BitNet: Scaling 1bit Transformers for LLMs
Background

LLMs is just a bunch of optimized matrices in N layers with floatingpoint weights.

Generation of LLMs means doing a bunch of matrix multiplication. And doing floating point operations is expensive in terms of energy consumption.

These numbers in matrices have a certain precision (32bit, 16bit, 8bit, etc.). Based on the precision, the energy consumption varies.

With increasing size of LLMs, deployment and training of such models have raised environmental concerns due to high energy consumption.
What did the authors try to accomplish?

This paper proposes a Transformer architecture called
BitNet
which uses 1bit weights (0 or 1). 
Usually, we do training and quantization separately. But, in this paper, the authors propose a method to do quantization during training.

As a result, the memory footprint is reduced and inference is expected faster.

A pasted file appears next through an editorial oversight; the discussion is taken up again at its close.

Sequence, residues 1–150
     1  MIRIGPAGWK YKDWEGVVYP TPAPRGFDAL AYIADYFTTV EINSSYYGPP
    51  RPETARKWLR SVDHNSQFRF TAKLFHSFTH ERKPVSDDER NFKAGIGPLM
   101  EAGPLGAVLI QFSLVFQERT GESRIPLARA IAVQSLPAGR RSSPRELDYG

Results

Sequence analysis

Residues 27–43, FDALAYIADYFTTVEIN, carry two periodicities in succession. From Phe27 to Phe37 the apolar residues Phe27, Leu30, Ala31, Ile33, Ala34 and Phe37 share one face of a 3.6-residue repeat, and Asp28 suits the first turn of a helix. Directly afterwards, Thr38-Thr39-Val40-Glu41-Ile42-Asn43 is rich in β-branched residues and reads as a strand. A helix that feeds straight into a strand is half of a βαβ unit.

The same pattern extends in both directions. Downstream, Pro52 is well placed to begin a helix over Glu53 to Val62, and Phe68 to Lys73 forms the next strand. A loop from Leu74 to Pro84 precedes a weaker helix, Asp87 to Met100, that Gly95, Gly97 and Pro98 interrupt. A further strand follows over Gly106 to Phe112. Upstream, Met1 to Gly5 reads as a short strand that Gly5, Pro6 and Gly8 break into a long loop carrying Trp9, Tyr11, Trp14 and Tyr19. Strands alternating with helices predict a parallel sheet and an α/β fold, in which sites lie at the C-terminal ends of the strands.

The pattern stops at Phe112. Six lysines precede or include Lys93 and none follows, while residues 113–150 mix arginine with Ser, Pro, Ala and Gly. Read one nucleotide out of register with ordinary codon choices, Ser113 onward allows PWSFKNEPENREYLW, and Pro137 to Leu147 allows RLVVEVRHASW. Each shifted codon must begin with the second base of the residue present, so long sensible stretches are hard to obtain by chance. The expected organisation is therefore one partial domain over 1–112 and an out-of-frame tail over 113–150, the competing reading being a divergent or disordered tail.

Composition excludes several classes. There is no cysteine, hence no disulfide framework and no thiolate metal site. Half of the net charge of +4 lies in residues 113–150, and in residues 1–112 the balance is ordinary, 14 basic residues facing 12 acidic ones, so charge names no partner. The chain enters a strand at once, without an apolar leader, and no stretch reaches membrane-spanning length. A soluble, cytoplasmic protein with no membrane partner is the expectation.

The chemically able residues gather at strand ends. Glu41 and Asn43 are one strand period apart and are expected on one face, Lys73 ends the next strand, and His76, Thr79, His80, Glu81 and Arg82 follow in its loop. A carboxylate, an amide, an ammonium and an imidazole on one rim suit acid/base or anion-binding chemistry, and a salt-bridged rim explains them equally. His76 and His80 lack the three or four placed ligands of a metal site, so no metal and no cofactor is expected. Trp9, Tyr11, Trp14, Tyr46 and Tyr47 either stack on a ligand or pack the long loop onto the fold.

What are the key elements of the approach?
 The authors proposed a new linear layer with binary weights (+1 or 1) instead of conventional floatingpoint weights.
BitLinear

LayerNorm is introduced before activation quantization to ensure stability of the model. Mean is centered to zero.

$\gamma$ and $\beta$ are learned scaling factors for layers.
$$ \bar{x} = \text{Clip}(x \times \frac{1}{\gamma}, 1, 1) $$
Techniques used in BitLinear:

Large learning rate  Because there is zero precision in the weights, small learning rates don’t have much effect.

Straightthrough estimator (STE) to approximate the gradient during backpropagation. (Don’t fully understand how this works)

Mixed precision training  Gradients & activations are high precision; linear layers in attention block are low precision.
Weights centered to be zeromean (what does this mean?) before binarization.
 scaling factor $\beta$ is used after binarization to reduce l2 error between the original and binarized weights.
What can we use/remember from the paper??
 If this proposed approach is scalable and stable in bigger datasets  it would significantly reduce the cost of using LLMs.
 A new type of compute device specifically optimized for addition could take advantage of this approach.